Heartbleed, Update OpenSSL Now!


A very bad bug, Heartbleed, has been found in OpenSSL:

Bug is in the OpenSSL’s implementation of the TLS/DTLS (transport layer security protocols) heartbeat extension (RFC6520). When it is exploited it leads to the leak of memory contents from the server to the client and from the client to the server.

– via heartbleed.com

This is a stop what ever you are doing and upgrade to a fixed version of OpenSSL NOW! level bug. More from heartbleed.com:

Without using any privileged information or credentials we were able steal from ourselves the secret keys used for our X.509 certificates, user names and passwords, instant messages, emails and business critical documents and communication.

This is just about as bad as it can get.

A few tools have been thrown together if you want test for this vulnerability. The really scary one is http://filippo.io/Heartbleed/, which will allow you to run a live check against a hostname and show you the resulting memory dump. Source code for that site is available here. If you are looking for a script to test locally take a look at https://github.com/titanous/heartbleeder.

OpenSSL versions impacted according to heartbleed.com:

  • OpenSSL 1.0.1 through 1.0.1f (inclusive) are vulnerable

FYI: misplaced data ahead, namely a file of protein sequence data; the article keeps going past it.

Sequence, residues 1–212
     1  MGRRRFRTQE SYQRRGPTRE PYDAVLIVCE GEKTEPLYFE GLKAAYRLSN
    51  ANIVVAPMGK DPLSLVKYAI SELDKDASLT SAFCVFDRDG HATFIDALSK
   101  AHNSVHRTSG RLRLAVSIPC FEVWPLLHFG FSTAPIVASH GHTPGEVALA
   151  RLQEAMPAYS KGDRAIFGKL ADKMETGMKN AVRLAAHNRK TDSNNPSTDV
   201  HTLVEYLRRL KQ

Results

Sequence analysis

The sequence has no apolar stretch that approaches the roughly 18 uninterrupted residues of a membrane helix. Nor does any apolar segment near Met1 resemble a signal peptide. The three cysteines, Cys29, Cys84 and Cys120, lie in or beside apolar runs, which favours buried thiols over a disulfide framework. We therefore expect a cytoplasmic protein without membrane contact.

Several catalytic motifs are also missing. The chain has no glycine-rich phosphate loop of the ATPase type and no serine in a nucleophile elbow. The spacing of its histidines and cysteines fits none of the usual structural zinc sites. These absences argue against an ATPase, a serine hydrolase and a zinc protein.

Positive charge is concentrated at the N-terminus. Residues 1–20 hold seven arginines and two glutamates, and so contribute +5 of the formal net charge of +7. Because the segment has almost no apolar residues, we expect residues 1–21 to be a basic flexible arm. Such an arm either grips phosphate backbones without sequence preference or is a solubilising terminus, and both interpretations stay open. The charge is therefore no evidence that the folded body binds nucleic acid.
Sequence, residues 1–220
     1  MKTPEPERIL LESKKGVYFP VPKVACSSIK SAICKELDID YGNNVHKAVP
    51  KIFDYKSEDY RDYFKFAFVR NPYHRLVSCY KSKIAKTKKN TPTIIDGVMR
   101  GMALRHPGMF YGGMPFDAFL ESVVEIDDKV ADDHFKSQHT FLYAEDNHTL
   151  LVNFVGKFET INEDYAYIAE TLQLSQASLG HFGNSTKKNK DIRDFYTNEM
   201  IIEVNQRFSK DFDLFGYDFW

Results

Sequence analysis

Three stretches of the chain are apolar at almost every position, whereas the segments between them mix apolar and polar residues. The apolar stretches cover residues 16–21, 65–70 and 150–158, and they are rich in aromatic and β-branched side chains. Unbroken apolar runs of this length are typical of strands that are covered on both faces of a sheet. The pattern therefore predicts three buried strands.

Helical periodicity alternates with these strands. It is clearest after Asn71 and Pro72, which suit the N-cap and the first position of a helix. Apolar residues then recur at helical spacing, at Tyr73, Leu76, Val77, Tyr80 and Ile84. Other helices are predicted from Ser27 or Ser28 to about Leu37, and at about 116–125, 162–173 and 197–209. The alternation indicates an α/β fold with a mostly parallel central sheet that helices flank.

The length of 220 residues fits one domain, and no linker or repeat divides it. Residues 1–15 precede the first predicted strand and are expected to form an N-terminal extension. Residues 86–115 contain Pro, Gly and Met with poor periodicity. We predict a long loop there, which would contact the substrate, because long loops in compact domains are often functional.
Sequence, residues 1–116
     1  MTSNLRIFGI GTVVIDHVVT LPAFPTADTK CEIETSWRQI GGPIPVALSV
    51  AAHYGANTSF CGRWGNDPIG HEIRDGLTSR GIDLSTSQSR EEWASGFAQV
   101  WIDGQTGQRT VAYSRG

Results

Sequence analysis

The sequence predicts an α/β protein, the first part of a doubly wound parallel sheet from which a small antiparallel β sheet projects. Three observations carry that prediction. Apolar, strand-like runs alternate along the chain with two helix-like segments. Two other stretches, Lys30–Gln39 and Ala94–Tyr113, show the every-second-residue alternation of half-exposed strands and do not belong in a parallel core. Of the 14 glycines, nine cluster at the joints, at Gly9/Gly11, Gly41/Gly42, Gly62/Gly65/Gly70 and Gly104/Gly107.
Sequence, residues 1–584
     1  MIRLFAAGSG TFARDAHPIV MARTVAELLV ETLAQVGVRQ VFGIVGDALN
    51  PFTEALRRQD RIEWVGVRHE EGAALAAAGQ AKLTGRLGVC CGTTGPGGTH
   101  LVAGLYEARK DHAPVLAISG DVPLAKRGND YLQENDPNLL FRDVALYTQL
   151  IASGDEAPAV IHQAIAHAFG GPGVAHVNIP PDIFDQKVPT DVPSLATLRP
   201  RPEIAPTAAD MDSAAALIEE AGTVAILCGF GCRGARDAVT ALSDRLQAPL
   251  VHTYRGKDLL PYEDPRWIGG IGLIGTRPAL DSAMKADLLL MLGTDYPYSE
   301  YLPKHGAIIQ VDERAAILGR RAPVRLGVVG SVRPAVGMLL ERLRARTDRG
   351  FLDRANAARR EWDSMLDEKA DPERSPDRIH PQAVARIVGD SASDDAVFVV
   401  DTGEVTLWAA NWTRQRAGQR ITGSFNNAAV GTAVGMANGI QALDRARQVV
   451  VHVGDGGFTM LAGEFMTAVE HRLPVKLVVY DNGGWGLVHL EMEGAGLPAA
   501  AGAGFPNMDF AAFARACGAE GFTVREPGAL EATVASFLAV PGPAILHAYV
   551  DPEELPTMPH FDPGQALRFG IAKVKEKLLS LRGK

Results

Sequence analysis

• OpenSSL 1.0.1g is NOT vulnerable
  • OpenSSL 1.0.0 branch is NOT vulnerable
  • OpenSSL 0.9.8 branch is NOT vulnerable

Bug was introduced to OpenSSL in December 2011 and has been out in the wild since OpenSSL release 1.0.1 on 14th of March 2012. OpenSSL 1.0.1g released on 7th of April 2014 fixes the bug.

You can find out which version of OpenSSL you are running with openssl version -v -b. The -b is important because some updates are not changing the version number. For instance the fixed version on Ubuntu 13.10 reports:

OpenSSL 1.0.1e 11 Feb 2013
built on: Mon Apr 7 20:33:19 UTC 2014

The version wasn’t changed, so you’ll need to know the build date.

Heartbleed was announced yesterday ( 7 Apr 2014 ), I expect that we are going to see more fallout from this over the next few days. Tools to exploit this are already widely available, not updating is not an option.

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